A new compensation controversy in the making... at Chesapeake Energy

A lot of the controvery over compensation schemes have mostly centered on financial companies. The most famous so far is the Merrill Lynch bonus payments just before it was purchased by Bank of America—I'm sure to the shock of many involved, this has opened up a can of worms, with potential illegal actions by various government officials and the CEO of Bank of America. Another big one was the bonus payments to AIG Fincial Products employees. The controvery this time had to do with the fact that the employees that bankrupted the company and ended up requiring $100+ billion bailout by the US government was being paid bonuses. Admittedly, some of the key employees who brought down the house don't work there anymore, although many others, mostly lower level, likely still do. I mean, even my Ambac has paid more than $10 million to the executive who was on the board (at that time) overseeing the expansion in structured finance. Ambac hasn't caused any controvery yet though--mostly because taxpayers haven't paid anything.

Now, we have a different sort of controversy brewing. This time it's Chesapeake Energy, whose share price has completely collapsed, although I'm not sure if the change in fundamentals justifies all of the price change. It seems that the CEO of Chesapeake was paid more than $100 million, which will probably make him the highest paid CEO last year:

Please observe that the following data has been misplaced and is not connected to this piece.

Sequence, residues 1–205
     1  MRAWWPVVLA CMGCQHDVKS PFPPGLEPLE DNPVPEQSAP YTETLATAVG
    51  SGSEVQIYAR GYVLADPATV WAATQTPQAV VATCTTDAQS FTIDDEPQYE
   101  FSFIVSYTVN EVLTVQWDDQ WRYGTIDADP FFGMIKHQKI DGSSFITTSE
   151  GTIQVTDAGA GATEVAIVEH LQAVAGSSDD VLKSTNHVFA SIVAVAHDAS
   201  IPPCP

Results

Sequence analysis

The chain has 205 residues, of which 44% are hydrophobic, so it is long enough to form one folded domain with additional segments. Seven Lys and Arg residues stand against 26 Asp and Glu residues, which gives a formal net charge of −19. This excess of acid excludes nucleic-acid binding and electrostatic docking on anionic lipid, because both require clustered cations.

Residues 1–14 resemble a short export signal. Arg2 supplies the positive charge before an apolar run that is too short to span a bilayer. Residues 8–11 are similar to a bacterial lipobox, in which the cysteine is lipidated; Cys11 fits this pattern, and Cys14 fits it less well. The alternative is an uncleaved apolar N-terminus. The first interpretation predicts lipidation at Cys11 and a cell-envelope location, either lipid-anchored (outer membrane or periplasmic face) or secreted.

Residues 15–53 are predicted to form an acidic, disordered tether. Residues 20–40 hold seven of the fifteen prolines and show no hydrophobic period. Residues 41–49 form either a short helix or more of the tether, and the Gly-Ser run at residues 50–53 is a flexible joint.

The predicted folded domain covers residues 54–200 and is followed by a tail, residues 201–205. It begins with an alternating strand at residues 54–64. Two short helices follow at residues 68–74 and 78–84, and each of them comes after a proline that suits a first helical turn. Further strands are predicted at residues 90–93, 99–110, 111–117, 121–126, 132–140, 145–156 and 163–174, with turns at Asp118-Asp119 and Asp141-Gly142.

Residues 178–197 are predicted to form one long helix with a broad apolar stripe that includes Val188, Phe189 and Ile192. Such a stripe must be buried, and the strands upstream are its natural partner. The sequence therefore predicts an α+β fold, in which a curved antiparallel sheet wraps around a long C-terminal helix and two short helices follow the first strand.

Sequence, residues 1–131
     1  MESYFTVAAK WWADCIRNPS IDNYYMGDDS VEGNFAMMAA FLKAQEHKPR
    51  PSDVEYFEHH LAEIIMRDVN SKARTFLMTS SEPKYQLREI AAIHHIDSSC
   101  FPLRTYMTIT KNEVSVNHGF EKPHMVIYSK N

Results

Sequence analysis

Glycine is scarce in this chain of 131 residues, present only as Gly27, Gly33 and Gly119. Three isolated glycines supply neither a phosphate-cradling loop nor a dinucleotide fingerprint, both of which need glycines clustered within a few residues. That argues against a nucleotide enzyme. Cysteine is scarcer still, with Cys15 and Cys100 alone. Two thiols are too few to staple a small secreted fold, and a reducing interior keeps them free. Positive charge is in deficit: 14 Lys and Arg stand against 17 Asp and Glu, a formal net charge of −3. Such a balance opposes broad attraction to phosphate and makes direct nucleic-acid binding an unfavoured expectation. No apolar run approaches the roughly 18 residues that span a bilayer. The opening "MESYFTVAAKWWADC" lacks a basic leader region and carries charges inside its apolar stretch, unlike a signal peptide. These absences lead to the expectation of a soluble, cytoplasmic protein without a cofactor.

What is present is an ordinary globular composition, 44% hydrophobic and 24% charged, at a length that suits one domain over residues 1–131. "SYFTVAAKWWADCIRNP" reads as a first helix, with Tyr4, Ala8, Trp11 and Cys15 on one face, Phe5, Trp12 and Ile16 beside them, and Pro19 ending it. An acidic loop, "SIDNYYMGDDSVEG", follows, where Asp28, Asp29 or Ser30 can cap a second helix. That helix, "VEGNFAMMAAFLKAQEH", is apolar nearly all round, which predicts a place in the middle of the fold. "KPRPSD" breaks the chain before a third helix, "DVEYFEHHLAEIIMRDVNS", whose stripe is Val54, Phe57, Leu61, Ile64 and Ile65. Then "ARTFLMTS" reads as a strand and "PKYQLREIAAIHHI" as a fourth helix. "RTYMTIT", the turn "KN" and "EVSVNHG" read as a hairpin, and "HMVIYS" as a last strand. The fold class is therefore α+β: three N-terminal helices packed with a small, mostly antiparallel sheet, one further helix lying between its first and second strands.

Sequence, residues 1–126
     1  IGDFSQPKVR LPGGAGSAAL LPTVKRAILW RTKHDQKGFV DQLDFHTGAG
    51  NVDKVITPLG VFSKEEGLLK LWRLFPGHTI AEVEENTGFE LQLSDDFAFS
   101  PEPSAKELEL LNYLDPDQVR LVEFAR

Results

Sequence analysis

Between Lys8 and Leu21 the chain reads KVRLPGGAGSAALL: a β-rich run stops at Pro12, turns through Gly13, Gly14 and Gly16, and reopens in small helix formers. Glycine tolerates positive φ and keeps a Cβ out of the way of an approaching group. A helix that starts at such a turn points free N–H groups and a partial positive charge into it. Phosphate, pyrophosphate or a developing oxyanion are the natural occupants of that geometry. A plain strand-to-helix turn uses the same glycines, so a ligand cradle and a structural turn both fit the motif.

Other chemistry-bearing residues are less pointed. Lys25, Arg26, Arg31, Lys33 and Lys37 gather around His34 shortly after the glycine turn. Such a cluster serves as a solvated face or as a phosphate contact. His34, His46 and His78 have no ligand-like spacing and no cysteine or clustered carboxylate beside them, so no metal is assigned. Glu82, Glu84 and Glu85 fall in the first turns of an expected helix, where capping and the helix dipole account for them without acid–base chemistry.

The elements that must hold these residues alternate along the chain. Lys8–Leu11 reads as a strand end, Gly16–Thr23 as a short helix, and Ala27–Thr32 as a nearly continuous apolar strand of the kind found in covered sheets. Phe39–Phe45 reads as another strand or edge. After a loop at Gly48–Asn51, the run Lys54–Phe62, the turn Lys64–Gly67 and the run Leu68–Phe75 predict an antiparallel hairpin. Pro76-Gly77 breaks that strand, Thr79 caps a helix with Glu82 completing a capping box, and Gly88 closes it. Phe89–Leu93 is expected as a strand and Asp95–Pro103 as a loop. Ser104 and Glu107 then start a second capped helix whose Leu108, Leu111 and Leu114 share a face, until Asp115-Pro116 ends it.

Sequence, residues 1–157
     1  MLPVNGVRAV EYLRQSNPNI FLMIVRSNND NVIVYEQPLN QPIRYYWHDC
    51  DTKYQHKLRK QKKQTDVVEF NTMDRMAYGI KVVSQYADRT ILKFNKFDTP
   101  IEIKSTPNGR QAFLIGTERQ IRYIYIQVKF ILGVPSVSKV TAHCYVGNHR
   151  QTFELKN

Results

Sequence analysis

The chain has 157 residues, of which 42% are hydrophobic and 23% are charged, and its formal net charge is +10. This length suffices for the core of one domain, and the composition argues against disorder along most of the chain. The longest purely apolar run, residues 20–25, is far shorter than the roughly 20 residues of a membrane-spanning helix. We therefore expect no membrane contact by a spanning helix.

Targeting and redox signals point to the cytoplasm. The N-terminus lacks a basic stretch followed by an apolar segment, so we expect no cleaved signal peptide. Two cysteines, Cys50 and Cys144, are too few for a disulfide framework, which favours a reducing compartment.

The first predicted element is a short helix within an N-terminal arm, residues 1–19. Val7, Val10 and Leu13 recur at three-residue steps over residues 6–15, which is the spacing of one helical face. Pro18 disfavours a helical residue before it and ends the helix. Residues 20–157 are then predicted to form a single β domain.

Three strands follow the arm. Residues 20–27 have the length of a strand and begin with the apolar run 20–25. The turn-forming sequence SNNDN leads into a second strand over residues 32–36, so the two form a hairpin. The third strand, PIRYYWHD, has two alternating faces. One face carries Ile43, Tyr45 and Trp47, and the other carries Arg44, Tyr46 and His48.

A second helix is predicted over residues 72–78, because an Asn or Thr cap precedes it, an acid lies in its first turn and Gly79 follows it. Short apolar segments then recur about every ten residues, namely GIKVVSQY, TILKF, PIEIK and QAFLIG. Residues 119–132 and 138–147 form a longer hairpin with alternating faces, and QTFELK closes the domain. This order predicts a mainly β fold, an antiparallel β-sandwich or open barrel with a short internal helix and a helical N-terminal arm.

On Apr. 21, the Oklahoma City-based company disclosed what may turn out to be the largest CEO pay package of 2008. In a year when Chesapeake shareholders saw their stock fall nearly 60% and the company's profits drop by 50%, McClendon's pay soared fivefold to $100 million. And as they say in late-night TV commercials, that's not all. The company also agreed to purchase McClendon's personal art collection—vintage maps that had been hanging in Chesapeake's corporate office—for $12.1 million. In addition, the company's proxy filing notes that Chesapeake paid $4.6 million to sponsor the Oklahoma City Thunder, a National Basketball Assn. team in which McClendon owns a 19% stake. The filing says the company received TV air time and other sponsorships in return.

McClendon, 49, ran into financial trouble last October with the market's steep slide. He had borrowed money to buy Chesapeake's once high-flying stock and had become the company's largest individual shareholder. With Chesapeake's shares tumbling along with commodity prices, McClendon received margin calls and was forced to sell nearly all of his shares over three days. A stake that was worth $1.9 billion just a few months earlier vanished almost overnight, and McClendon said in an Oct. 10 press release that he was "very disappointed" by having to sell. But McClendon's board supported him and in December offered him a new pay package. According to public filings, the company designed his new plan to keep McClendon from leaving and to reward him for four large deals he negotiated last year. Chesapeake sold interests in four of its fields to BP (BP), StatoilHydro ASA (STO), and Plains Exploration and Production (PXP) in transactions that raised $10.3 billion.